Re: non-free firmware: driver in main or contrib?
On Mon, 25 Oct 2004, Brian Thomas Sniffen wrote:
> >> > The person who has the device doesn't neceessarily have the firmware, because
> >> > the firmware can be removed.
> >> The person doesn't have the device at that point -- only part of it.
> > The same reasoning applies for both examples if you refer to the combination of
> > hardware plus CD as a "device".
> But that imagined device is broken: it needs another component to read
> the CD, load the firmware off of it into the computer's memory,
> process it there, then upload that to the device itself.
Then by the same reasoning the all-hardware device is broken too. It needs
"another component" (driver) to function. Neither the version with the CD
nor the version with the eeprom will function by themselves.
> >> > Of course, there are relatively few examples where you'd *want* to
> >> > remove the eeprom from the device, but similarly there are few examples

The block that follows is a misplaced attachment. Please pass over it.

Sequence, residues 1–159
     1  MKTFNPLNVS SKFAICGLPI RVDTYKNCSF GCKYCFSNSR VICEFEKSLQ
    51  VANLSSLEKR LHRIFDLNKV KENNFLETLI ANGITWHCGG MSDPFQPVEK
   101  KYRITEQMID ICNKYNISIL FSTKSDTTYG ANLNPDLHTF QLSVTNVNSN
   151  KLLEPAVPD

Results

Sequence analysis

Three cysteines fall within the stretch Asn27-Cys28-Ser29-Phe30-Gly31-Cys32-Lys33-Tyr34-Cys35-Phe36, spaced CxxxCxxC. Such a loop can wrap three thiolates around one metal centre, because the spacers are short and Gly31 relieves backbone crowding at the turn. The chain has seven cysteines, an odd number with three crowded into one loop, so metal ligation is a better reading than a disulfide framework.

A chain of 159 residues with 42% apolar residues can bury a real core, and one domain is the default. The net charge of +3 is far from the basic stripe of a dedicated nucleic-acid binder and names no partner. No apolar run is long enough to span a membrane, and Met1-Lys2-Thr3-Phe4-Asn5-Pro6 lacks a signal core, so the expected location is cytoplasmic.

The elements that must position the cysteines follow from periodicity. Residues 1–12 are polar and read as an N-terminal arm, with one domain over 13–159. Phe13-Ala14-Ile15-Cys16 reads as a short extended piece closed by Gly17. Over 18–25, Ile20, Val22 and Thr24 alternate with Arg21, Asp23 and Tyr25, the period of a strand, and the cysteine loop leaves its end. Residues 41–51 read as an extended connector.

> >> > where you'd want to sell the device without accompanying it with a CD.
> >> Of course, those examples include this one: inadvertently losing track
> >> of the CD.
> > That's a difference, but it ...just means I need to
> > rephrase the question:
> > "So what's the difference between a device with firmware, and a device with
> > a CD plus a non-free license letting you copy the CD?"
> > In that case, losing the CD doesn't matter because the user can get another
> > copy. The user can't modify the software on the CD, but then he had no
> > permission to modify it when it's in hardware either.
> I'm not sure this last is true, for the same reasons that I may saw
> any book I have purchased in half and sell the result to you.
Modifying software stored in an eeprom involves some sort of copying that
cutting a book in half doesn't, and therefore is prohibited under copyright
There's no difference between the CD and the eeprom here.